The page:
I often hear teachers say things like: Tom, are you listening? Of course Tom is going to say yes. But that doesn’t tell us anything useful.
You are listening
This is particularly important when it comes to listening to the response of a classmate. We are listening intently, we have heard every word, but what about everyone else?
This is perhaps the hardest one to accept. We have planned an explanation that is simply captivating. Bells, whistles, and thrills aplenty. How could anyone not be listening?
What could we do instead?
There are two reasons why students may not be listening.
First, they may not be able to listen. Considering the geography of the classroom, and ensuring we don’t do anything else like give out books at the same time we are giving instructions or explanations can help.
Second, students must have an incentive to listen. To solve this, there is nothing better than Pritesh Raichara’s concept of high-frequency checks for listening.
Click here for the audio version of our conversation
These high-frequency checks for listening could be in the form of Cold Call:
The formula to work out the area of a triangle is base multiplied by height divided by two
What is the formula to work out the area of a triangle… Emma?
What is the formula to work out the area of a triangle… Ollie?
Or Call and Respond:
The formula to work out the area of a triangle is base multiplied by height divided by two.
Everyone, the formula to work out the area of a triangle is…
Base multiplied by height divided by two is the formula to work out…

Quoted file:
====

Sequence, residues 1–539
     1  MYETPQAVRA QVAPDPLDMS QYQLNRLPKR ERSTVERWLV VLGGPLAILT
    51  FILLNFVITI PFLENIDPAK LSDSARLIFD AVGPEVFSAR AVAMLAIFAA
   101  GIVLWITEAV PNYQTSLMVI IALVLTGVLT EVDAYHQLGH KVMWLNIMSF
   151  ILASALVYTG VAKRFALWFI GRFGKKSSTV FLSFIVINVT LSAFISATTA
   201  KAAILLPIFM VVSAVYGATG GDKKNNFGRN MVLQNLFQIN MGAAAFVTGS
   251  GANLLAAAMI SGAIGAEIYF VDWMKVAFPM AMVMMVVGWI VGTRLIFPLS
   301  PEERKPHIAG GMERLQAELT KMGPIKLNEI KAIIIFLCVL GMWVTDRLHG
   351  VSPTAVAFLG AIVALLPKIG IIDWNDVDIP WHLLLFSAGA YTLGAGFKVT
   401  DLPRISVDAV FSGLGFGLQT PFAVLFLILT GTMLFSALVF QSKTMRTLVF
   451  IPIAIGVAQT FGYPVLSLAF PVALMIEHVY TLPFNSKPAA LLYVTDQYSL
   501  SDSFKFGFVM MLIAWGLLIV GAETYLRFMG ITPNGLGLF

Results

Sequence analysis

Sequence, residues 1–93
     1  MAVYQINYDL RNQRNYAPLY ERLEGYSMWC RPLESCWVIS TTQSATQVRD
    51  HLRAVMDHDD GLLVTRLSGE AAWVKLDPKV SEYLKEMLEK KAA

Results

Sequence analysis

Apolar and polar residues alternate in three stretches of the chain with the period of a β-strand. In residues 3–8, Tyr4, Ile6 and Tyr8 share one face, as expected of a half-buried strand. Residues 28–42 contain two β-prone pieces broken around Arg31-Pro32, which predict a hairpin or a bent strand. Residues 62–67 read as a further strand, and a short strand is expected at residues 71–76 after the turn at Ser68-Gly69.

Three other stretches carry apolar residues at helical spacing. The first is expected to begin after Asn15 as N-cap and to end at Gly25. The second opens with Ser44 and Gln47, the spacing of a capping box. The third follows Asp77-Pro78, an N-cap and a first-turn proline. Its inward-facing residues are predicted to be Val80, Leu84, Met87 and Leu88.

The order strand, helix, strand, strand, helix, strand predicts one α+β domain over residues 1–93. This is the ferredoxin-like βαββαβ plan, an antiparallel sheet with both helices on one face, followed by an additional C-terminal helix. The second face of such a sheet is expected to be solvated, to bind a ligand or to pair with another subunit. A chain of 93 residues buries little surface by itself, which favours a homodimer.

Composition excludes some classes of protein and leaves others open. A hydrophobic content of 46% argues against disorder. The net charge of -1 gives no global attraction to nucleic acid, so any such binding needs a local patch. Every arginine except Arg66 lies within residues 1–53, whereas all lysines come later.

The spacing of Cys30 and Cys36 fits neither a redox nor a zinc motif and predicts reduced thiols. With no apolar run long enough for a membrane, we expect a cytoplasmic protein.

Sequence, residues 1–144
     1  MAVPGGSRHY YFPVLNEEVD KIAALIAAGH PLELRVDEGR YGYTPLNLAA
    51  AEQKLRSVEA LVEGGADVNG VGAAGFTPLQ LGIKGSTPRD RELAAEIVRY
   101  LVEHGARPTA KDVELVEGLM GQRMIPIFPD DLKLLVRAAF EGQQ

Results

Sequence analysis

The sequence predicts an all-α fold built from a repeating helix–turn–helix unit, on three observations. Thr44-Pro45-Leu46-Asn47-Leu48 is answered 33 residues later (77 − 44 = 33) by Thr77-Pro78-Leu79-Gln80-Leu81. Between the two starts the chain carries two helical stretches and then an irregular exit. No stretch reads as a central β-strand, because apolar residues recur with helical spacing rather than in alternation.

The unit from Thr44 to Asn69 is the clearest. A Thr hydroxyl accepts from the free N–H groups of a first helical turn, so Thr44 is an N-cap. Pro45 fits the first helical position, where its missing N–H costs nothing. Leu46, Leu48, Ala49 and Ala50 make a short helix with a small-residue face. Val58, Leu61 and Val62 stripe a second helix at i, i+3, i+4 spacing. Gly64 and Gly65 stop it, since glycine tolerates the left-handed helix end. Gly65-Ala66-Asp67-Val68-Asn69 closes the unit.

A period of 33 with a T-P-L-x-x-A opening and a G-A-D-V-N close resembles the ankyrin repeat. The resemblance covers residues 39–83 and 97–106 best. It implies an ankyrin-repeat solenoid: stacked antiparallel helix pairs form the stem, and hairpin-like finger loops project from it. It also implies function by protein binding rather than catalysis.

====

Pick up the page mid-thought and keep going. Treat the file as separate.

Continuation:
Or a combination of the two:
This is an isosceles triangle…
What type of triangle is it… Ben?
What type of triangle is it… Sophie?
In an isosceles triangle, two of the angles are equal
How many of the angles are equal… Tom?
In an isosceles triangle, two of the angles are equal.
All of you, in an isosceles triangle…
Why, why, why?
These high-frequency checks for listening do three things:
They give us valuable data as to whether students are listening or not.
They help sustain students’ attention (or, in Pritseh’s terms, each check for listening interrupts the loss of attention), especially if we hold students to account if they cannot answer a check for listening question correctly.
They give students lots of feelings of success. Instead of listening to an explanation and then answering one checking for understanding question at the end that they may, or may not, get correct, students have several opportunities to answer much easier checks for listening questions in the middle and feel good about themselves.
So, here is my challenge. Choose one class you are teaching soon. Got one? Okay, next plan some high-frequency checks for listening for when you are giving instructions and explanations, and for when other students are speaking. The results might scare you, but they will provide much more reliable evidence of the attention of your students than any of the poor proxies give us.
How closely does the idea of checking for listening fit into your current practice?
What do you agree with, and what have I got wrong?
Let me know in the comments below!
🏃🏻♂️ Before you go, have you…🏃🏻♂️
… checked out our incredible, brand-new, free resources from Eedi?
… read my latest Tips for Teachers newsletter about asking the easiest question first?
… listened to my most recent podcast about helping students remember things?
… considered booking some CPD, coaching, or maths departmental support?
… read my Tips for Teachers book?
Thanks so much for reading and have a great week!